Westran’s football team is locked, loaded and primed to make a deeper run through the Class 1 state playoffs this 2013 season.
In fact, looking on paper, the Hornets seemingly have enough tools in its arsenal to end its run knocking on the doorsteps of the Edward Jones Dome in St. Louis come Thanksgiving Day holiday weekend.
“There is no doubt that we at Westran are pretty excited about what this football season has to offer, and expectations for this team are set pretty high,” said Curtis Jasper, who enters his 7th year as Westran head coach (44-18). “I’m especially excited because I get to coach football again and be with this group of guys. After having a positive off-season in which a lot of our kids worked hard, now it’s our season to put all of this together and play the game.”
“I know our kids are excited to get the games going. I believe this will be another fun year for Westran football because of all the quality kids we have coming back and new ones coming in, and the fact that we have several kids back to fill in key positions.”
Jasper also pointed out that his football players greatly has bought into the Hornets system to follow, and that includes committing themselves to get better during the off-season.
Westran offered 117 weight lifting days since the 2012 season came to an end, and 23 of his 26 returning players were diligent in participating while nearly 80-percent of incoming freshmen also joined in.
In addition, small group meeting have been held allowing student athletes to share concerns, discuss values in life and learn ways in which they can become better citizens in school and within the Huntsville community.
“This tells me the kids are committed to the program. They want to get bigger, stronger and faster. It’s also an injury prevention thing for athletes, and it will increase performance,” said Jasper. “Many of our football players are multi-sport athletes. The weight room is not just for football players, it’s for athletes of all sports or even for students who do not participate in a sport but want to stay healthy or improve their health.”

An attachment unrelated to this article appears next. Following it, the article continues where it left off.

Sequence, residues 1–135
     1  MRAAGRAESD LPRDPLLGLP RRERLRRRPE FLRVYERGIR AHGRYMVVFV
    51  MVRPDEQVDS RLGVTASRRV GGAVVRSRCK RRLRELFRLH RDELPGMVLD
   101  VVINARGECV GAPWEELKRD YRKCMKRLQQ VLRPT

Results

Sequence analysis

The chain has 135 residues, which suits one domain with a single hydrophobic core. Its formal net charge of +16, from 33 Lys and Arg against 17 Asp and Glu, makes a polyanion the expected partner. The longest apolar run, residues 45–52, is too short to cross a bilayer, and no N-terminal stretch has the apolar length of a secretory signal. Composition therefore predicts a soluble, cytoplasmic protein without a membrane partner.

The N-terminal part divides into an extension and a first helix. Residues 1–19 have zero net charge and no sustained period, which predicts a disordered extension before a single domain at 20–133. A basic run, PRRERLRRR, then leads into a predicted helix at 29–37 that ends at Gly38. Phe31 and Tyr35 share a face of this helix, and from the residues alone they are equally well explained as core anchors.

With that being said, Jasper said his football players have bonded well with one another, and are striving to make themselves accountable to each other as well.
As a result of recent activities, Jasper said the team has adopted the slogan “My Brother’s Keeper” for the 2013 football campaign.
“I think this slogan is appropriate for our kids this year. We want the kids to focus on the team and in order to achieve goals set both on the field and off the field it is important to help each other out in all aspect of life.”
Page 2 of 3 - Westran’s coaching staff has 18 returning lettermen – including six offensive and seven defensive starters – back from a program that posted an overall record of 10-2 and went 4-1 in Lewis & Clark Conference play.
The Hornets dominated its 2012 opponents by an average score of 40-11, while holding teams to about 100 total yards of offense.
As good as last year was, it came with a sour ending when Westran lost 38-36 to South Shelby of Shelbina at home in a sectional playoff game that featured seven lead changes and a couple of ties. The Hornets defense could not contain Cardinals running back Trace Windsor who ran for more than 280 yards.
“We’re not very proud of our defensive play in that South Shelby game. We ended up dropping the ball on that one and let it get away from us,” said coach Jasper. “We are using that game as motivation to make ourselves better coming into this season.”
Jasper said defensive coordinator Scott Humphrey has put in many hours in the off-season making alterations with the Hornets defensive scheme of operation. The work put in by Humphrey and the Hornets defensive unit this summer paid dividends during the 7v7 scrimmages that were played along with camp sessions, and Jasper also said he has witnessed vast improvements just a few days into the preseason practices that were held.